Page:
Cassidy Hutchinson, the January 6th panel's surprise witness, is very bad for Donald Trump: columnist

Cassidy Hutchinson, the January 6th panel's surprise witness, is very bad for Donald Trump: columnist
Former White House aide Cassidy Hutchinson (screengrab/@Sky_Lee_1/Twitter).
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When the House Select Committee to Investigate the January 6th Attack on the United States Capitol unexpectedly announced on Monday that will hold a last-minute public hearing on Tuesday afternoon at 1:00 p.m., speculation immediately started brewing over who their new star witness would be and what that person would reveal.

Late Monday night, their identity leaked. Cassidy Hutchinson, who was serving as then-White House Chief of Staff Mark Meadows will testify before the bipartisan commission about what she saw before, during, and after former President Donald Trump's insurrection.

Hutchinson's account will likely reveal previously unknown details about what went down inside Trumpworld after Trump lost the 2020 election. On Tuesday morning, Greg Sargent explored the significance of Hutchinson's cooperation in a Washington Post editorial.

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Hutchinson, Sargent began, "might end up qualifying as this saga’s John Dean," President Richard Nixon's Watergate White House counsel who had "direct knowledge of extraordinary corruption. In the Trump administration, Hutchinson was herself placed deep inside the White House."

Hutchinson, Sargent continued, is uniquely positioned to tear down the last remnants of Trump's overarching defense – that he "really believed he had won the election; he exercised what he thought were his legal options in response to that belief; and the mob he incited is best understood as a protest that got out of hand."

Sargent then recalled what Hutchinson has already revealed to members of the Select Committee, which aired her deposition at its fifth hearing last Thursday:

Hutchinson confirmed to the Committee that on January 6th, 2021, Trump made some comment to the effect that Vice President Mike Pence deserved to be hanged.
Hutchinson reportedly can also testify about intense plotting between Meadows and a gang of House Republicans to pressure Pence to subvert the electoral count in Congress. Hutchinson had already testified to the committee that House Republicans sought pardons from Trump; reiterating this in person could add force.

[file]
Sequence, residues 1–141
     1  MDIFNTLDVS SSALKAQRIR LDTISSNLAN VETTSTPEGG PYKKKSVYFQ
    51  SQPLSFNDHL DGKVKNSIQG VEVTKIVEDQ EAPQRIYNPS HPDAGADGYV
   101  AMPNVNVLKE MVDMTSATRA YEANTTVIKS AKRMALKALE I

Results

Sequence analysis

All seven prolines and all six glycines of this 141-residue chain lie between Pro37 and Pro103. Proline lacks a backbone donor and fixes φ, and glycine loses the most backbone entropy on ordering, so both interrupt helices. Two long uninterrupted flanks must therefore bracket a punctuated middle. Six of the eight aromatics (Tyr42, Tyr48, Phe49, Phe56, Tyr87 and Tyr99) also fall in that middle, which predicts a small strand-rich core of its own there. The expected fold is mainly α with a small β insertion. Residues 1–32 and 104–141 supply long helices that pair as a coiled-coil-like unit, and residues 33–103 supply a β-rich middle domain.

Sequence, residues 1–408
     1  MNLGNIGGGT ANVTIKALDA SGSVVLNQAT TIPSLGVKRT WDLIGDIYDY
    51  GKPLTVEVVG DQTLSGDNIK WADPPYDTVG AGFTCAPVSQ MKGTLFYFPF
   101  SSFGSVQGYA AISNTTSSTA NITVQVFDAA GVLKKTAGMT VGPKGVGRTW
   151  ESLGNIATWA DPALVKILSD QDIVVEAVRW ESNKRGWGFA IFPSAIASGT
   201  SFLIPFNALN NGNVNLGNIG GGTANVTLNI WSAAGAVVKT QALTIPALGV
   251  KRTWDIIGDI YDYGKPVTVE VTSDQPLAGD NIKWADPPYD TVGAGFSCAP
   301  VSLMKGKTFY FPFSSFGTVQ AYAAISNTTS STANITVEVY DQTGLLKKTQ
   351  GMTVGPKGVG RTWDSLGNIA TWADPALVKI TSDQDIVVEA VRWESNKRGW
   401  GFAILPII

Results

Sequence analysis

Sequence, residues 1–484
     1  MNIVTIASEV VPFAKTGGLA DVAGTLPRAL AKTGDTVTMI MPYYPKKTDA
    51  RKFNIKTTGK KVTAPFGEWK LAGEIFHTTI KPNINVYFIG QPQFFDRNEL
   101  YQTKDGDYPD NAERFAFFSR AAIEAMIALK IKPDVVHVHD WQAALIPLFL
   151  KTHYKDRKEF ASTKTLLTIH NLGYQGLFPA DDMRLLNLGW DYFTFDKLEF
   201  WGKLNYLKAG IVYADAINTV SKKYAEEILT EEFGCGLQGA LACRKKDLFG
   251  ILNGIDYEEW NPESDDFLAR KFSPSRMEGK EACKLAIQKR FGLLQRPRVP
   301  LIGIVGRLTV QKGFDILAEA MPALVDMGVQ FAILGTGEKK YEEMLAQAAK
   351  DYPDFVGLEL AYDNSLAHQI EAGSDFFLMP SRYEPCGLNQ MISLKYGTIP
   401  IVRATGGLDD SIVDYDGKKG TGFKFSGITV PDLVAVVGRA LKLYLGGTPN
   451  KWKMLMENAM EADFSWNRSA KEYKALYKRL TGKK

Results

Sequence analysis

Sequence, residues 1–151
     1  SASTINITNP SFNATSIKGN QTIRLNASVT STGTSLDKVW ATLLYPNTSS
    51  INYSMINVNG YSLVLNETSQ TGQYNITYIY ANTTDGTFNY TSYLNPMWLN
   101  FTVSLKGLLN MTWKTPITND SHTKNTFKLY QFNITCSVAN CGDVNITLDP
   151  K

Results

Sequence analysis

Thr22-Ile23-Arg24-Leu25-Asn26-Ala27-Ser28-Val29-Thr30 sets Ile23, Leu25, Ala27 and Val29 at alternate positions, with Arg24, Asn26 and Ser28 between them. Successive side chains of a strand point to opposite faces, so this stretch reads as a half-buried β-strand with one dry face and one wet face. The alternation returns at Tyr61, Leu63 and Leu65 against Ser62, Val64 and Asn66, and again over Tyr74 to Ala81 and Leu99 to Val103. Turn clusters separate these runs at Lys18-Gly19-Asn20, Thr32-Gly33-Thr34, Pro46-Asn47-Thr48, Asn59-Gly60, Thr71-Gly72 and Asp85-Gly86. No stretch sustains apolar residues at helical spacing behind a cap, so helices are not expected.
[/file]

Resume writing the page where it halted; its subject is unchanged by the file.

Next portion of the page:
Hutchinson has privately testified to witnessing a Secret Service agent telling Meadows that intelligence indicated there might be violence on January 6th. We already know Trump’s lawyers directly informed coup architect John Eastman that their scheme could precipitate street violence, which it did.

Hutchinson also testified to the Committee that Congresspersons Andy Biggs (R-Arizona), Mo Brooks (R-Alabama), Marjorie Taylor Greene (R-Georgia), Louie Gohmert (R-Texas), and Scott Perry (R-Pennsylvania) sought pardons from Trump for their roles in his coup to subvert democracy and install himself into a second term.

At that same hearing, former Justice Department officials recalled that Trump – skeptical that Pence would go along with his plot to overturn the election – threatened to replace the attorney general with a loyalist, which nearly triggered a mass resignation.

"Just say the election was corrupt, and leave the rest to me and the Republican Congressman," Trump told Richard Donoghue, the acting deputy attorney general at the time.

Pieced together, "these corrupt acts interlocked: That manufactured impression would create the pretext for Pence to illegally delay the count, to buy time for the coup’s completion," Sargent continued.

"All this wrecks the second line of defense: the idea that Trump merely thought he was exercising his legal options. In fact, Trump knew he was pressing for highly improper or illegal acts at multiple levels — by both Pence and top law enforcement officials — yet did so anyway," he added. "In short, the entire scheme was carefully, elaborately and corruptly premeditated."

Read Sargent's full column here (subscription required).

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